High School

Theme - Instructional Programs, Practices, and Arrangements

Best Practices

  • Broader spectrum of students offered opportunities to take AP and honors classes and flexible scheduling to best meet student needs.
  • Expectations that teachers have not only content expertise but also the ability to effectively differentiate their instruction.
  • Instructional supports such as labs and tutorials to help students succeed in rigorous courses.

Although teachers in higher-performing high schools report "no instructional mandates," of necessity, they have had to adjust their instructional approaches in order to be successful in today’s more diverse classrooms. Not only have their schools decreased or completely eliminated tracks and moved toward inclusion of special education students in regular education classrooms, they are also encouraging more students to enroll in honors and AP classes (some with open enrollment), especially students who typically have not had an opportunity to take these more rigorous courses in the past.

Teachers are expected to have not only content expertise but also the ability to effectively differentiate their instruction to teach students of all capabilities and learning styles. A variety of supports are in place for students, including special educators co-teaching inclusion classes, more use of technology, lab classes supplanting traditional Academic Intervention Services -- often taught by the core teacher for that course -- and extended days and summer programs to provide more time for extra help.

Communication among teachers and with guidance and other support services is essential to ensuring consistency of instruction and providing the right services and courses for students to succeed.

Some differences between higher- and average-performing schools

Average-performers also practice inclusion and are incorporating more technology, but they report a more "birdshot" approach to instruction.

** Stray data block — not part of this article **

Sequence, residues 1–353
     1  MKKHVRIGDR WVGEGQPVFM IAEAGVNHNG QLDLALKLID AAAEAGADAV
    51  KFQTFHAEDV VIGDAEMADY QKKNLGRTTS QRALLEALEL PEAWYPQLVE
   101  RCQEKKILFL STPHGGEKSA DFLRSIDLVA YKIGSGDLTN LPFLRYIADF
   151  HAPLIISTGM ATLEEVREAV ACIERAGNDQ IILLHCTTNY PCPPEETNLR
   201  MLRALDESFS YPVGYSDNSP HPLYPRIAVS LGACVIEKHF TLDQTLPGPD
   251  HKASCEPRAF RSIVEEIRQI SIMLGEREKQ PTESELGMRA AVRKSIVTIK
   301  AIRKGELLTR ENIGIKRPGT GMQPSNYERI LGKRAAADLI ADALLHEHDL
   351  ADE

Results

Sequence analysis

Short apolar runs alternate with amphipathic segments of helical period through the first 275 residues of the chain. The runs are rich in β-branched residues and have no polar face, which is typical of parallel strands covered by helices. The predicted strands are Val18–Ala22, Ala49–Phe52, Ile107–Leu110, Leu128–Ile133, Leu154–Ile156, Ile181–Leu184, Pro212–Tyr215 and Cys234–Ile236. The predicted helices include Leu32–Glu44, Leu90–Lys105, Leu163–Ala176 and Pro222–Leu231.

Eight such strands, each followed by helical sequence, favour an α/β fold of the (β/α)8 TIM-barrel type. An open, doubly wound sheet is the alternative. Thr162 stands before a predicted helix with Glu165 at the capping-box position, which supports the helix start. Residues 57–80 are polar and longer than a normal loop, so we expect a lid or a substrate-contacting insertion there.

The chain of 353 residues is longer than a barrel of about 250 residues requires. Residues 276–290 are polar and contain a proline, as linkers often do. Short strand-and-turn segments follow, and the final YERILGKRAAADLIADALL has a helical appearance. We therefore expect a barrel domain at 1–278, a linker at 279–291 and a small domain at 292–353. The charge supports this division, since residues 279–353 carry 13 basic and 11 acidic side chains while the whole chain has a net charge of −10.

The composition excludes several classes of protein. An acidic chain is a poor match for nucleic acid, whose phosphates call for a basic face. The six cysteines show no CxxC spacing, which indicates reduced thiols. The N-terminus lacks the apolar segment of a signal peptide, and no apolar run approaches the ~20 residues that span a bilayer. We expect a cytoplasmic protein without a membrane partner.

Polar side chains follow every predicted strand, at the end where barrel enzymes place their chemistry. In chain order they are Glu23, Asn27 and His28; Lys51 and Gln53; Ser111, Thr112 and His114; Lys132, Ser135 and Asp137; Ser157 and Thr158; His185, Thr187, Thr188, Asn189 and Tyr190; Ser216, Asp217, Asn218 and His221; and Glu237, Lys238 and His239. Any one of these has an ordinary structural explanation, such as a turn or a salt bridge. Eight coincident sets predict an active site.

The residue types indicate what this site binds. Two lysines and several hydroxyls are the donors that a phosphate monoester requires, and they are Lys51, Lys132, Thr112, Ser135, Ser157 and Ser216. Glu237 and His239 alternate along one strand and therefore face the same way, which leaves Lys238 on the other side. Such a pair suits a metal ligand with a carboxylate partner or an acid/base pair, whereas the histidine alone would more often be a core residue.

In both average and higher performers, guidance plays a central role in monitoring student progress toward fulfilling graduation and college entrance requirements; however, in the districts of the higher performers, guidance plays a more active role in communicating expectations across middle and high school and facilitates transitions in a variety of ways.

Selected Evidence:

In White Plains, the "Three Legged Stool" is part of a school-wide effort to support differentiated instruction through alignment of instructional objectives with formative assessments and clearly articulated and guiding learning objectives. It provides evidence of how a school might use a research-based framework to support critical discussions and thinking around the relationships of particular instructional approaches and student achievement.

One way Batavia High School encourages innovation is through its progressive use of technology. Teachers benefit from professional development that encourages the use of technology in enhancing instruction and students benefit with a variety of electives on-line.

Like many of the higher performers, South Kortright High School provides opportunities for teachers and students to meet in small groups during an end-of-the-school-day period.

The same lab report format is used in all science classes, grades 7-12, in Warrensburg Central School District. English and social studies also establish common expectations across grade levels.